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The following are the steps:

1. First, we need to define symbols and their meanings.

2. Then we obtain an expression for average drift velocity of electrons in terms of resistivity (electric field) and current density.

v = a t = e E τ /m = e J ρ τ / m --- (1)

3. Then we obtain an expression for average drift velocity in terms of current (charge flowing) across any cross section.

v = J / (n e)

4. Equate them both. we get the answer.

====================================

Let

Relaxation time = average time between two successive collisions of an electron = τ

emf applied across a resistor/conductor = V

Resistance of the conductor = R = ρ L / A

Resistivity = ρ

conductivity = s = 1/r

Area of cross section of the resistance = A

Length of the resistance wire = L

mass of an electron = m

electrostatic charge on an electron = e

drift velocity of an electron = v

current flowing in the conductor = I = V /R

N = Avogadro number

f = number of free conducting electrons (in the outermost shell) in one atom

d = density of the conductor

M = molar mass of the conductor

n = electron volume density = number of electrons in unit volume of a conductor

total number of electrons = Mass * N * f /Molar mass = A L d N f / M

n = number / volume = d N f / M

===

Electric field intensity = E = V / L, assuming that it is uniform along the length of the conductor wire.

Force on an electron in this electric field = F = e E

Acceleration = F / m = a = e E /m = e V / (m L)

current density = J = I / A = V / (A R) = V A / ( r A L) = V /(r L)

J = σ E = E / ρ

Or, E = J ρ

Velocity gained in between collisions due to electric field E and force F = v

*v *= v_i + a τ = 0 + e E τ /m =* e J ρ τ / m * --- (1)

The average of velocities v_i of all electrons just after collisions is 0, as they get bounced in all random directions. Hence the average velocity of an electron along the length of a resistor or conductor wire is equal to that gained due to electrostatic field E.

So*drift velocity = v = **e J ρ τ / m* --- (2)*.*

I = charge crossing a cross section in time t / time t

So, I = e (n A v t) / t = n e A v

*J = n e v*

Substituting in (2) we get,

J / (n e) = v = e J ρ τ / m

=>*τ = m / ne² ρ*

Or,* ρ = m / (n e² τ)*

1. First, we need to define symbols and their meanings.

2. Then we obtain an expression for average drift velocity of electrons in terms of resistivity (electric field) and current density.

v = a t = e E τ /m = e J ρ τ / m --- (1)

3. Then we obtain an expression for average drift velocity in terms of current (charge flowing) across any cross section.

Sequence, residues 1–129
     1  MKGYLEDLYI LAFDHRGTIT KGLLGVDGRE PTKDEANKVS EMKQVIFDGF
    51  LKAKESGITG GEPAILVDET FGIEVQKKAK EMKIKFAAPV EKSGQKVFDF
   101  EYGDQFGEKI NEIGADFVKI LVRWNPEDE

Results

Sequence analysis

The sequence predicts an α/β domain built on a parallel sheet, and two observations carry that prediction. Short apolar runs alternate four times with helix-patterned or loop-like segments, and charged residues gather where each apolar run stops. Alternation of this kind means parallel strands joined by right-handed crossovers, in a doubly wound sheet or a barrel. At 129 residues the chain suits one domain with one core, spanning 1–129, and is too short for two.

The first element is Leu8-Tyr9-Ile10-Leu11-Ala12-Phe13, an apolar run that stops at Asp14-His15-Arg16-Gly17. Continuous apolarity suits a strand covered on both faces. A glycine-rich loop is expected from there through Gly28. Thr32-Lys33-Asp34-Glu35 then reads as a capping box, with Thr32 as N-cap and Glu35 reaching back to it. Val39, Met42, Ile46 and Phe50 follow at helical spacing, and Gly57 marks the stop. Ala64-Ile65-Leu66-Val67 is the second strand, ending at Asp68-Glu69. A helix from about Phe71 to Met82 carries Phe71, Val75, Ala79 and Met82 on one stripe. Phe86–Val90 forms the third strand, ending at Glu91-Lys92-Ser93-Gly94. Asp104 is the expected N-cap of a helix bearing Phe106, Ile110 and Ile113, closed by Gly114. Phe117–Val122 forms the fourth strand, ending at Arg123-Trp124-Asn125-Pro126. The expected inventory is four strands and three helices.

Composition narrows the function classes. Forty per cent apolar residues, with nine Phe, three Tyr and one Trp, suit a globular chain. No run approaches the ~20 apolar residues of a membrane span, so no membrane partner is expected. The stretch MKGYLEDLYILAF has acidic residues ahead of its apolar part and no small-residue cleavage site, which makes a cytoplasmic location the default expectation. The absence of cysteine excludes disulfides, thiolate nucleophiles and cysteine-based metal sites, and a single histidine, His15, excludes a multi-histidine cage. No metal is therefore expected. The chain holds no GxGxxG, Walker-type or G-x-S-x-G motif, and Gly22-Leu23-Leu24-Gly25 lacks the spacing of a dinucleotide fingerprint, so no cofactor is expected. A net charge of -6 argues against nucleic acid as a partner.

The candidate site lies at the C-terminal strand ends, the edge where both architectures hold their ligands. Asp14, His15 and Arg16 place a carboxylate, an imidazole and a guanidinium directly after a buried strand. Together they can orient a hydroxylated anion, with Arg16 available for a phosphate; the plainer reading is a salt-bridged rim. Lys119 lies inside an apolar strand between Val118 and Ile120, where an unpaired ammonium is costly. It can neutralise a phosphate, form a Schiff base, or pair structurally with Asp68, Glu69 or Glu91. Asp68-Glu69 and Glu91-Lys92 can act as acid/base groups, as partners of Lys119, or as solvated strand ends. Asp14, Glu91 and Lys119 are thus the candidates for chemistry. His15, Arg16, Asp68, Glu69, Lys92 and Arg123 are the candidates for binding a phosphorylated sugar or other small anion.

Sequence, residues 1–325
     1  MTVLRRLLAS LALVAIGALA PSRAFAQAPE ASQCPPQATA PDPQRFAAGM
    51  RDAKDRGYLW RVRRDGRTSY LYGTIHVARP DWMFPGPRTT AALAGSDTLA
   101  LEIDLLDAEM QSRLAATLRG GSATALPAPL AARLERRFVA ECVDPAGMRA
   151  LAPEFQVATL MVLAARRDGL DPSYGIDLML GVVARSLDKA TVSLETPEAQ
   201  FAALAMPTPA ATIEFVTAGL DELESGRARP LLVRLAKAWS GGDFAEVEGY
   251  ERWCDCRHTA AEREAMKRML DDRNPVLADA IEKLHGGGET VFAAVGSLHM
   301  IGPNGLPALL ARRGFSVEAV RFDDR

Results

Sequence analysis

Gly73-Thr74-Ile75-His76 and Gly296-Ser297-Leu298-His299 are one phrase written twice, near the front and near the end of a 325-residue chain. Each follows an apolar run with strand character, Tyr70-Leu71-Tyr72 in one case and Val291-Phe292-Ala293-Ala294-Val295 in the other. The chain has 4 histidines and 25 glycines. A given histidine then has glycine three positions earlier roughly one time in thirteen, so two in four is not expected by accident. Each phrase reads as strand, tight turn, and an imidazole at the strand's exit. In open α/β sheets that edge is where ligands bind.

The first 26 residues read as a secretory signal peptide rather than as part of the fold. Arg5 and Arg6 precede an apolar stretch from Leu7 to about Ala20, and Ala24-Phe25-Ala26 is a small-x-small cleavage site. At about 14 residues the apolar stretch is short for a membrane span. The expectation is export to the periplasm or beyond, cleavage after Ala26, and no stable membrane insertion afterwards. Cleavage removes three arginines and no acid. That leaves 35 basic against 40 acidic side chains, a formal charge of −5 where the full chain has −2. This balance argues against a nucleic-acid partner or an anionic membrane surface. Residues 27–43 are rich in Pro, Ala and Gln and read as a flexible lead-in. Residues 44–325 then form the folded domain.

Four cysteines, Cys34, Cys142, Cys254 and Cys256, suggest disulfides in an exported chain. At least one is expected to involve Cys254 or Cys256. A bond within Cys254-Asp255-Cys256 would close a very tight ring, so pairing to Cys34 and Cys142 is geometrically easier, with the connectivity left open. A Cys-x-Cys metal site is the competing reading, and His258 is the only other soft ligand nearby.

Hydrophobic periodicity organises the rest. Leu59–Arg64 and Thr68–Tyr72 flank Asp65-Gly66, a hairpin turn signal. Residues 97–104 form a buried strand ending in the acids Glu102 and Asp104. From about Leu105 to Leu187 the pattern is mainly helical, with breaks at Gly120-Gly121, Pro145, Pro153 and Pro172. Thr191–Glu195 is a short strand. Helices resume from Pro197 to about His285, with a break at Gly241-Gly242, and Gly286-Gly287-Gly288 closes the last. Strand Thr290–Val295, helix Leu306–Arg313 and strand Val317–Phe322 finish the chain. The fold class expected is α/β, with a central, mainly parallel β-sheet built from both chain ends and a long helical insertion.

v = J / (n e)

4. Equate them both. we get the answer.

====================================

Let

Relaxation time = average time between two successive collisions of an electron = τ

emf applied across a resistor/conductor = V

Resistance of the conductor = R = ρ L / A

Resistivity = ρ

conductivity = s = 1/r

Area of cross section of the resistance = A

Length of the resistance wire = L

mass of an electron = m

electrostatic charge on an electron = e

drift velocity of an electron = v

current flowing in the conductor = I = V /R

N = Avogadro number

f = number of free conducting electrons (in the outermost shell) in one atom

d = density of the conductor

M = molar mass of the conductor

n = electron volume density = number of electrons in unit volume of a conductor

total number of electrons = Mass * N * f /Molar mass = A L d N f / M

n = number / volume = d N f / M

===

Electric field intensity = E = V / L, assuming that it is uniform along the length of the conductor wire.

Force on an electron in this electric field = F = e E

Acceleration = F / m = a = e E /m = e V / (m L)

current density = J = I / A = V / (A R) = V A / ( r A L) = V /(r L)

J = σ E = E / ρ

Or, E = J ρ

Velocity gained in between collisions due to electric field E and force F = v

The average of velocities v_i of all electrons just after collisions is 0, as they get bounced in all random directions. Hence the average velocity of an electron along the length of a resistor or conductor wire is equal to that gained due to electrostatic field E.

So

I = charge crossing a cross section in time t / time t

So, I = e (n A v t) / t = n e A v

Substituting in (2) we get,

J / (n e) = v = e J ρ τ / m

=>

Or,